- Policy Purpose Statement – Why the policy is being implemented and what it’s supposed to achieve
- Policy Scope Statement – Who and/or what the policy affects as well as any exclusions
- Policy Time Statement – When the policy takes effect, its intended period of tenure and the projected nominated timeframes for policy review, reassessment, extensions or final termination
- Policy Roles and Responsibilities Statement – Details who is responsible for what and when
- Policy Change Management Statement – Details the accepted and expected procedures and practices by which change or re-evaluation of policy goals and objectives may be initiated
- Policy Effects Statement – The specific organizational or other regulations, requirements, modifications, specifications or behaviors that the policy is being implemented to address or create
- Policy Background Statement – The origins, reasoning, motivation, and historical perspective for creating the policy along with any underlying, extenuating or extrapolated processes are clearly identified and stated in the policy background statement (a bit like a mission statement)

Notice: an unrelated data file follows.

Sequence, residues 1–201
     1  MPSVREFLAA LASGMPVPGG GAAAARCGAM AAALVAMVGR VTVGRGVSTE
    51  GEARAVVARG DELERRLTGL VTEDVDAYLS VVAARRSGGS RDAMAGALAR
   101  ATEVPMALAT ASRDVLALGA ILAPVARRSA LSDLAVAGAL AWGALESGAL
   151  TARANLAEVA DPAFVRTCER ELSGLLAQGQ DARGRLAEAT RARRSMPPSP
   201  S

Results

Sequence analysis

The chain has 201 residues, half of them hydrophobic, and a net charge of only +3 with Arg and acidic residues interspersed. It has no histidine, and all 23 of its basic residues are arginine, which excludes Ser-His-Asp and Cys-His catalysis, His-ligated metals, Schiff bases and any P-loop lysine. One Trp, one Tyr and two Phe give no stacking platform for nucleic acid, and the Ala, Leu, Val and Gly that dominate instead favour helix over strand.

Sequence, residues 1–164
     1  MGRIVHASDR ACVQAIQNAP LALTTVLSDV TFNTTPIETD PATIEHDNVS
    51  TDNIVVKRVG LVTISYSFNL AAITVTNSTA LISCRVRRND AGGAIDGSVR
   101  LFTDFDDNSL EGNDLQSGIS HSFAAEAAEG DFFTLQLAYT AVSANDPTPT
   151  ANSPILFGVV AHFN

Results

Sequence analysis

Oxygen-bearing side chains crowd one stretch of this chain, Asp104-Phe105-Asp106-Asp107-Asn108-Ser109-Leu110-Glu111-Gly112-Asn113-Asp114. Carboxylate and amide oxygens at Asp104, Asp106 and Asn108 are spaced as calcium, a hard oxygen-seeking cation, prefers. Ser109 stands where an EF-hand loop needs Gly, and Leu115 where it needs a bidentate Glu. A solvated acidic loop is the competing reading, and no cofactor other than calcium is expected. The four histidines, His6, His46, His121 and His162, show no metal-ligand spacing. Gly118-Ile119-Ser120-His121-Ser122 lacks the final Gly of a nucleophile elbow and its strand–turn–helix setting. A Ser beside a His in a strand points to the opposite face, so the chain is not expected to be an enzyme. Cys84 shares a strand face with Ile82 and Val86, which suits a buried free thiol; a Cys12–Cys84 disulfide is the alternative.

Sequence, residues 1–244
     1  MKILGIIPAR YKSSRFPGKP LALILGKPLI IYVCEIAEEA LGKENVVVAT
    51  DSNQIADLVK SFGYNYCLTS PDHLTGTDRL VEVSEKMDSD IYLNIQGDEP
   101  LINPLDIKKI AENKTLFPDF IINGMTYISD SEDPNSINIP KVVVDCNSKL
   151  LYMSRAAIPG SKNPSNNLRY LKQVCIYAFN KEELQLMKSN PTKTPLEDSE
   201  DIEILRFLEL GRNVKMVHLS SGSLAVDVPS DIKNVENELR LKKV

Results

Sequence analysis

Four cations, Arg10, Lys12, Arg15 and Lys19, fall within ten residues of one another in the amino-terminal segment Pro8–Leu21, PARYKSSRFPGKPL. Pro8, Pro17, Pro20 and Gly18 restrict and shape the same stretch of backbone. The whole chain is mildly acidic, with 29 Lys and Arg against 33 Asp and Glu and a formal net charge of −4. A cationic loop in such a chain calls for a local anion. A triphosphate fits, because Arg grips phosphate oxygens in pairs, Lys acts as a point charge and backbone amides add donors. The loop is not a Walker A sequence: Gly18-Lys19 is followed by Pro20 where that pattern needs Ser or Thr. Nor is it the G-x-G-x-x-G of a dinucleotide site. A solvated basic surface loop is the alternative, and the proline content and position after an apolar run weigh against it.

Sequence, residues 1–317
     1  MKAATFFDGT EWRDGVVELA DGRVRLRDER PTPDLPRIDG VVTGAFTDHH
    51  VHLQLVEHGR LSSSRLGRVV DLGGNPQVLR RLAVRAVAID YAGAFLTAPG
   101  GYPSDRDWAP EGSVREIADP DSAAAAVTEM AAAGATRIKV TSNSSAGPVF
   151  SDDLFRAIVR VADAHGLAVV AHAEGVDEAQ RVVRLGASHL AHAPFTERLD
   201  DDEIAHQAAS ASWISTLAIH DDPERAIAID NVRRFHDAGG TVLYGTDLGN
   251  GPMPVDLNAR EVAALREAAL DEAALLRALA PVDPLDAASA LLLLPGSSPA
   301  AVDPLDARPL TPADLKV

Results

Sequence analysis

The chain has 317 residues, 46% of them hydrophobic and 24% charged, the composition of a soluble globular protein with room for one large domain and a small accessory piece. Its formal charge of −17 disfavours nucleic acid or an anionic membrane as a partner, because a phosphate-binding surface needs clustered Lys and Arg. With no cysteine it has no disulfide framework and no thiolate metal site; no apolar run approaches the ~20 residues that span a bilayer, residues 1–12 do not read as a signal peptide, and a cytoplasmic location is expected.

- Policy Milestones Statement – Identification of important points/milestones in the policy’s lifecycle including the development, reviewing and implementation stages as well as any signoff points
- Policy Life-Cycle Statement – Description of the policy lifecycle model being used
- Policy Terms and Definitions – A glossary style component detailing all definitions and terminology contained within or inferred by the policy as employed or inferred by the policy
- Policy Signoff Statement – Formal signoff statement containing parameters detailing various degrees of currency, progress and the satisfaction or completion of policy conditions as well as a formal signoff page. Usually includes at least one entry per milestone.